Say It Ain't So Joe
Football Related Scandal Traumatizes the United States

The legendary and unifying figure of Joe Paterno is currently under assault for failure to report sex abuse of minors by his subordinate.

Contact Editor
Amiel Ungar,

Joe Paterno
Joe Paterno

American football is not normally featured in these posts because in the absence of international competition, it has not led to wars as has occurred in Latin America and has not added to the approval ratings of governments as sports have done in Europe. Former French President Jacques Chirac, for example, used the success of a French national team to advance his political standing and the team was once presented as a poster child for French multiculturalism.

It is understandable, however, that given the economic crisis that the United States is experiencing and the polarization of its politics, the controversy surrounding legendary Penn State football coach Joe Paterno is traumatic and is dominating the American news cycle, pushing aside international news items such as the International Atomic Energy Agency report on Iran off the front page.

Football is a shared American pastime - or passion - and collegiate football combines civic and state pride loyalty to one's collegiate alma mater (while also being huge money spinner).

Paterno the longest serving college coach and a fixture in State College Pennsylvania since 1966 was an American Idol and epitomized college football. When the idol has feet of clay people are dismayed and outraged.

An article on college towns that appeared in 1998 cited the importance of Paterno to State College, Pennsylvania.  A local magazine tried to imagine what the town would be like if Joe Paterno had never become the university's football coach. It imagined a downtown full of boarded-up buildings and empty storefronts and a university with half its current enrollment, a crumbling library, and a meager endowment."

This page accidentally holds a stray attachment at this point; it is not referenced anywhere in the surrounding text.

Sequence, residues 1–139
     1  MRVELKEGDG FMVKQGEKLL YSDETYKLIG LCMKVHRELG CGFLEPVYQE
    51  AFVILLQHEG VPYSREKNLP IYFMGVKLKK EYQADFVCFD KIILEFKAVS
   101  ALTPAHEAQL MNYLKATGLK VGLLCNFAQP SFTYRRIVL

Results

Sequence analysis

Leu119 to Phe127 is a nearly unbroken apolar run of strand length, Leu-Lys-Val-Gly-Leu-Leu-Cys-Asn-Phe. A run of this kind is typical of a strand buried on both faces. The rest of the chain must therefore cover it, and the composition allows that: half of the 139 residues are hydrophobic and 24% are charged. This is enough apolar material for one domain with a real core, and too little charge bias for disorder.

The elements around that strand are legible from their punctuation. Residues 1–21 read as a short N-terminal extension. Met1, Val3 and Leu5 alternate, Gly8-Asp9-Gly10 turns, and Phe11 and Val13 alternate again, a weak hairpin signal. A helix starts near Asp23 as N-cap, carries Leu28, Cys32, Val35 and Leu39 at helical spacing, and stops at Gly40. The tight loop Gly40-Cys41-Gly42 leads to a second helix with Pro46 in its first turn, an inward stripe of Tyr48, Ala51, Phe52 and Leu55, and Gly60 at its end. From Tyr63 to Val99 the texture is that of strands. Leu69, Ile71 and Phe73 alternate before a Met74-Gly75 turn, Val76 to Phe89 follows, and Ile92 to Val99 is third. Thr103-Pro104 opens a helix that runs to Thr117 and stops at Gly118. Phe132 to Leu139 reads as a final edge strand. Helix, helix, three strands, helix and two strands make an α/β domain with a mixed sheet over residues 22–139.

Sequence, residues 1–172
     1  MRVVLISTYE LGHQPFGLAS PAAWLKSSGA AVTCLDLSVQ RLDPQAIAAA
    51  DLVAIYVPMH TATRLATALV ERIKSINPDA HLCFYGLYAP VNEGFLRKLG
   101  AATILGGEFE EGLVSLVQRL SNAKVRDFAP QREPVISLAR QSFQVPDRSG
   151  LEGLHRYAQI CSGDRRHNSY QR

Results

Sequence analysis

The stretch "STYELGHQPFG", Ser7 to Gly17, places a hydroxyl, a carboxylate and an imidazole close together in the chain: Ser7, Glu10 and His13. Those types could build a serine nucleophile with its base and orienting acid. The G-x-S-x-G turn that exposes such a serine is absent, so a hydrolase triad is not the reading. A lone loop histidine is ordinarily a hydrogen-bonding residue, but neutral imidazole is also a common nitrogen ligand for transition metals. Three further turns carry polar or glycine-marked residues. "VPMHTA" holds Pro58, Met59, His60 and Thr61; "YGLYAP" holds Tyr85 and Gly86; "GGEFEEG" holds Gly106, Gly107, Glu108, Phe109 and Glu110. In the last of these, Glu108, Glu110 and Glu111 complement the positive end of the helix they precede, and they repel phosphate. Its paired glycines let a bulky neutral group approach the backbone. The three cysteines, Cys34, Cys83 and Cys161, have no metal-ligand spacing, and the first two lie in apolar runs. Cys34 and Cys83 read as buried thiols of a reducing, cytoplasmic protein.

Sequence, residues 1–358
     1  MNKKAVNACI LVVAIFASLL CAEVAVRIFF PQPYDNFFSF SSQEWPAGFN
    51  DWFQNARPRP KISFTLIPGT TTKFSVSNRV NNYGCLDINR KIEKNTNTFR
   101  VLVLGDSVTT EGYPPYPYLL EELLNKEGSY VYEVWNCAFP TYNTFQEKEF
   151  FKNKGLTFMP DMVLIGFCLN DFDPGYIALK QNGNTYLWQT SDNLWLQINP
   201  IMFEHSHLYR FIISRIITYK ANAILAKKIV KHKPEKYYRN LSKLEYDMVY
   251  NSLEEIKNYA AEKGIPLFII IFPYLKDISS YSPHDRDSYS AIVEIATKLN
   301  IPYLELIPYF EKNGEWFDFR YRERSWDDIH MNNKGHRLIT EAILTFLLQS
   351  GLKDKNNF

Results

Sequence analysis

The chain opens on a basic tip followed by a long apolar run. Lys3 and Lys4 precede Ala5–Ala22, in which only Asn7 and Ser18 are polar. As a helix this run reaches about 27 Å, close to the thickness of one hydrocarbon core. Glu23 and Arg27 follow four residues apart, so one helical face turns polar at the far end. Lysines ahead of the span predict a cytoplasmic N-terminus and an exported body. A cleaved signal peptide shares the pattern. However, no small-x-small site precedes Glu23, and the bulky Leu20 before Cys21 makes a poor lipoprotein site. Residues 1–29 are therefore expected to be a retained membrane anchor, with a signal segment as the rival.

Paterno was also lauded for placing standards over athletic success. While many colleges recruit athletes to play rather than study, comparable to Israel's recruitment of non-Jews and non-Israelis to its sports teams, members of Paterno's teams had an 85% graduation rate. In the 1997 college football season Paterno did not allow two  of his star players to compete in the postseason bowl game due to rules violations.

Now the 84-year-old Paterno faces disgrace for failing to report to the police sexual assault charges allegedly committed by one of his subordinate coaches on boys and sufficing with reporting the suspicions to the University hierarchy. Two members of that hierarchy are now facing charges of perjury and failure to report to the authorities.

Although Joe Paterno is closer to the conservative side of the American political spectrum and was a friend of presidents Gerald Ford and George W. Bush, he has not been spared by conservative outlets such as Fox news and the Daily News. The media is incensed by the cancellation of a news conference presumably at the behest of University higher-ups.

Some have rallied on his behalf. But recalling a baseball scandal that occurred over 140 years ago, the prevailing sentiment is "say it ain't so Joe."  The school's board of trustees have ousted football coach Joe Paterno and president Graham Spanier, reports the Associated Press.